All of those Twitter followers—the statistics are there in public for all to see— admire you. They want to support you as a special, talented genius. They can’t wait to buy what you have to offer, tell their friends about how they bought everything you produce, and write glowing reviews and tweets about you as if every day is Oscar night and you won in five separate categories but couldn’t accept as you were in Stockholm receiving a Nobel Prize.
If you want to increase the number of people who follow you on Twitter, you can go to a place and buy new followers. At fiverr you can shell out $5 for 1,000. There are according to the NYT article many such sites. Cyberspace has evolved an entire market based on fakery. The ecology of Cyberspace has always been swimming with sharks. Until recently no one knew how many of the sharks were fake. In the case of many ‘celebrity’ personalities, it seems the aquarium they’ve created, if the fakes are stripped out, reveals a couple of minnows hugging the glass at the far end, hiding behind a fake rock. You can now check out that aquarium by going to a website called Faker Status People to expose the empty aquarium—or so it claims.
Holden Caulfield, that perpetual teenager warned us about the phonies. We need to update Holden’s world, our world, with the idea that digital worlds are filled with those who wish to ‘game’ the system; they see a zero sum game, and will pay any amount, do anything, write or say anything, that builds the illusory aquarium and invites you in to see the glory of their achievement.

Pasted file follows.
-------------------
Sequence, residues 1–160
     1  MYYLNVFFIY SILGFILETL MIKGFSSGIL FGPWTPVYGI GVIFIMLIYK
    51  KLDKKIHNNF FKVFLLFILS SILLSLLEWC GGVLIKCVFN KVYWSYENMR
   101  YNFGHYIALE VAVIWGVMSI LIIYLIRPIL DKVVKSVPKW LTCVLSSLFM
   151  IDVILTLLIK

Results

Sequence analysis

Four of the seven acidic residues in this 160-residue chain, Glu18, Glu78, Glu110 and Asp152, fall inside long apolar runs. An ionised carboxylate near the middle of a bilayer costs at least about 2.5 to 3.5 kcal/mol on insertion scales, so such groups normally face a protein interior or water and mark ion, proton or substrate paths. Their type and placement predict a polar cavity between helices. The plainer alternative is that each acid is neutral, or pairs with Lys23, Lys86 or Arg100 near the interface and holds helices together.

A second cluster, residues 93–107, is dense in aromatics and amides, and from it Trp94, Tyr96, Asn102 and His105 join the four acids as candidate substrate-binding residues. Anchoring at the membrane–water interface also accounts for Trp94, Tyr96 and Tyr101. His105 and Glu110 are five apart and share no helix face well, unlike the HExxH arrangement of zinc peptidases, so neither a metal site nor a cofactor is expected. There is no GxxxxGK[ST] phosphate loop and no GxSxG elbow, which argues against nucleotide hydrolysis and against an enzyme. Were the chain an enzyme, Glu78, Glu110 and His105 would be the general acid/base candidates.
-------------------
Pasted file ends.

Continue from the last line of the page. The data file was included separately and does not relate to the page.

Cyberspace has made every one of us a private detective. You need to search and verify claims. Your default should be skeptical and leery of big claims and numbers. Routinely use and update tools online to verify claims and numbers before you believe the number of fans online are real fans.
Assume there is a vast digital cemetery of ghost fans who haunt you screen and urge you to see a film, buy a book, watch a comic, or listen to a singer or band. We live in the land of ghosts in the machine (Arthur Koestler died too soon to witness his prediction). Only with one difference: ghosts were, by tradition, once people. Online large numbers of the fake followers were more likely bots than real people. Bots, zombies or ghosts, the fake Twitter followers are marching across your screen, and pretending to be alive.
Don’t believe it.
You are Vincent Calvino. Look out for the ambush. Watch out for the conmen. Finding what is popular and good has never been easy as it is often lost in the haze and noise of a busy marketplace. There are no shortcuts. No one will look out for you online.
The same applies to status—those who seek shortcuts are ultimately exposed for their fakery. The peacock having lost its feathers is a strangely lonely, pathetic, naked bird. No one wants to mate with a loser. That is the message. Peacock feathers fall in a cyberspace rainstorm as we call the bluff. All eyes turn to watch the sky turn colorful, thick with beautiful fake feathers, like a good Gabriel García Márquez’s novel, knowing we will never look at the sky quite the same way again.
Christopher G. Moore’s latest book is a collection of 50 essays titled Faking It in Bangkok, which is available as a kindle ebook.